WORKS: Steffani: Stabat mater dolorosa; Handel: Dixit Dominus, HWV 232
PERFORMER: The Sixteen/Harry Christophers
CATALOGUE NO: COR 16076
Agostino Steffani, born near Venice, spent much of his working life in Germany, in Munich and in Hanover. As an opera composer, he was highly sensitive to words and their emotional expression in music, evident in this Stabat mater, written as his ‘last and greatest work’ (in his own words) shortly before his death in 1728. It is for the breath-taking sonority of two violins, three violas and bass accompanying five soloists and choir.
The Sixteen (expanded here to 18) with 19 strings and continuo, perform the Stabat mater with deep conviction and profound feeling. The second movement, ‘Cuius animam…’ opens with seamless choral counterpoint followed by an agonisingly beautiful trio of soloists.
The Virgin Mary’s grief evokes a soaring high tenor line; the bass soloist describes Jesus ‘in torment’ in poignant simplicity, free of any affectation – and plumbing the depths of a bottom C.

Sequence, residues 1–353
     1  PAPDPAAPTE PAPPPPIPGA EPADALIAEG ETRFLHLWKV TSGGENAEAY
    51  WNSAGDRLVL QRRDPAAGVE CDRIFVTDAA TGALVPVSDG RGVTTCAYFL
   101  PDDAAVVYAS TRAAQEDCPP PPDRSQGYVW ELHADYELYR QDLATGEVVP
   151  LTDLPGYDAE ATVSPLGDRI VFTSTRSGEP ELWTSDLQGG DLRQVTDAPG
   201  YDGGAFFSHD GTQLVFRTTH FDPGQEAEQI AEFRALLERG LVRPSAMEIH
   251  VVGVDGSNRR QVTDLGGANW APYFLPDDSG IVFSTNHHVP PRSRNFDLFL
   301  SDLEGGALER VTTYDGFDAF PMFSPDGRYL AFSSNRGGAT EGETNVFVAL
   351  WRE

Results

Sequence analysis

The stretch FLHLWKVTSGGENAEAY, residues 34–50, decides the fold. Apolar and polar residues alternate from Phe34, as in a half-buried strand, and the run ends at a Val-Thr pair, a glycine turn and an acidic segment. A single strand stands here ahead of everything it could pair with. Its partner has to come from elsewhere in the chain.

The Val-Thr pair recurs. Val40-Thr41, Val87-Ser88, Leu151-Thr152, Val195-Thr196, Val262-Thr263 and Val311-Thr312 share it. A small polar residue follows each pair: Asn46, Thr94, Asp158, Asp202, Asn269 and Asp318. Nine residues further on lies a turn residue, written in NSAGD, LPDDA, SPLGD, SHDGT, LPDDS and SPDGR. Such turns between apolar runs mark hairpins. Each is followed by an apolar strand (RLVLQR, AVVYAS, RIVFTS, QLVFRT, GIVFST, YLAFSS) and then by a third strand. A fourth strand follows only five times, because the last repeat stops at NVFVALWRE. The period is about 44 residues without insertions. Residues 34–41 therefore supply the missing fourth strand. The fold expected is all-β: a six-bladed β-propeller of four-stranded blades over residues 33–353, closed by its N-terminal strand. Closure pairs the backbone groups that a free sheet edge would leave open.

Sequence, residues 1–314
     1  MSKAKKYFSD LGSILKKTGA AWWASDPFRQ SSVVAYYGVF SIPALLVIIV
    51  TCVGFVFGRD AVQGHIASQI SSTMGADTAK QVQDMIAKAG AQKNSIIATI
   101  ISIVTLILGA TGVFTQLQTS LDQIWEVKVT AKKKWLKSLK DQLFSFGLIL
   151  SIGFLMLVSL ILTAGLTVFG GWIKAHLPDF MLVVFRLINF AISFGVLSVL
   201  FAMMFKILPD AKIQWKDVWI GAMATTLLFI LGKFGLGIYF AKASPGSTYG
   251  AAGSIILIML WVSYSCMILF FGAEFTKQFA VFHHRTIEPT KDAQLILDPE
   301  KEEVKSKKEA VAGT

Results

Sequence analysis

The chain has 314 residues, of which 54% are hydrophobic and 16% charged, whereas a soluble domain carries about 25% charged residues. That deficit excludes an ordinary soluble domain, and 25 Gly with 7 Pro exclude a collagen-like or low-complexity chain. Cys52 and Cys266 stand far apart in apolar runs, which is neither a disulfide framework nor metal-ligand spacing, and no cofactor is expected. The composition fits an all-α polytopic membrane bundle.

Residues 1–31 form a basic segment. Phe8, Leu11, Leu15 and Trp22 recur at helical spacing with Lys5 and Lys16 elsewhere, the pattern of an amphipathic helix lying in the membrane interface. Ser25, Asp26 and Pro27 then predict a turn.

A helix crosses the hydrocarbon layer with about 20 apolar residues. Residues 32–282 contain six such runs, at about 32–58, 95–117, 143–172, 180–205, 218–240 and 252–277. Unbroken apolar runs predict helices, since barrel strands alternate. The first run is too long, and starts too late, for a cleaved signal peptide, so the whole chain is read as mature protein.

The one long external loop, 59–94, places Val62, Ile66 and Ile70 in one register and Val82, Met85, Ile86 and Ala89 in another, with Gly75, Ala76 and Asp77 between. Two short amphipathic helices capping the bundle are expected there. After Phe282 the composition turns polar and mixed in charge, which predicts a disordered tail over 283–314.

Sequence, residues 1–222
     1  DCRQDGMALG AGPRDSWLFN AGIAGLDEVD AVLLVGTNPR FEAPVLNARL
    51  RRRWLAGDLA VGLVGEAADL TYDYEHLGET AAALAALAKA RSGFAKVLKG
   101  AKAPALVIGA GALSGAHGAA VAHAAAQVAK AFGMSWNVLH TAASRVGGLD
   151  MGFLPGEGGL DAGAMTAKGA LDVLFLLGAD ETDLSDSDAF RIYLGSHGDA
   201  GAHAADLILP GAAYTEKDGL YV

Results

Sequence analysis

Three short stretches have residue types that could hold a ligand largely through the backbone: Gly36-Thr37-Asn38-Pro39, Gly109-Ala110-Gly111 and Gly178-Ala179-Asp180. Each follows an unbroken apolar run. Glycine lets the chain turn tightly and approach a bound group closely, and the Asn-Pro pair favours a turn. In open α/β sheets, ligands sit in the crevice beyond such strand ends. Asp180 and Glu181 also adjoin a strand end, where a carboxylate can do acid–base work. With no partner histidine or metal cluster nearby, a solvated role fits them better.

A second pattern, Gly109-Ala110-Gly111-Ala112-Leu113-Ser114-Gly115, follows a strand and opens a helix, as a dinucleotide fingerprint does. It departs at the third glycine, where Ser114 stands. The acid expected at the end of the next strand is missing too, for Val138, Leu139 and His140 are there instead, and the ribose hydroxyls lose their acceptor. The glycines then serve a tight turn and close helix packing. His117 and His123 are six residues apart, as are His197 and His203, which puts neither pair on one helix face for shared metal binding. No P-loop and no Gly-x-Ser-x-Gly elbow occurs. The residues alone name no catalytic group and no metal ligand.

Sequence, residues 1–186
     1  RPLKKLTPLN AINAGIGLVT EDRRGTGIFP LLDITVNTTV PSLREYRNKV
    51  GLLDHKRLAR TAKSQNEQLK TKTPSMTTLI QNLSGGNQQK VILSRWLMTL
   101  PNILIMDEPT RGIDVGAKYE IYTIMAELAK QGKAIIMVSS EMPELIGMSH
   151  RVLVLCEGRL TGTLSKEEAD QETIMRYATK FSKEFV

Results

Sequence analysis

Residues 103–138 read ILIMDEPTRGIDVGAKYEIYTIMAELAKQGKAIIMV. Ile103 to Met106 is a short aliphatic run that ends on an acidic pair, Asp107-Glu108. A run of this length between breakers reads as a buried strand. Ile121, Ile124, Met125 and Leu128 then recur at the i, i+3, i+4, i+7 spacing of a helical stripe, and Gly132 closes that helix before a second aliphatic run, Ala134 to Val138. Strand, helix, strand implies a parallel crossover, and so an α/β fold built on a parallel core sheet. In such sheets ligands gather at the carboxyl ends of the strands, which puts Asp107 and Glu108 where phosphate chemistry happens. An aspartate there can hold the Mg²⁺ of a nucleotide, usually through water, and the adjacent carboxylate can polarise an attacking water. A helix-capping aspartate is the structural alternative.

Such expressiveness is matched by instruments – after choir and soloist call and respond in ‘Eia Mater’, the closing string ritornello sounds almost texted. The final chorus, reflecting on own death, is punctuated by dramatic silences before parts pile one on the other is sustained dissonance.
Dixit Dominus is no less beautifully managed with Elin Manahan Thomas an effortless soprano in ‘Tecum principium…’, a modest tempo clarifying the fast parlando choral text of ‘Tu es sacerdos…’ and highly imaginative organ continuo opening the Gloria.
The recording seemed rather distant and limp until I tweaked the volume above my normal listening level. Adjusted, it proved clean and spacious, contributing to a truly memorable disc. George Pratt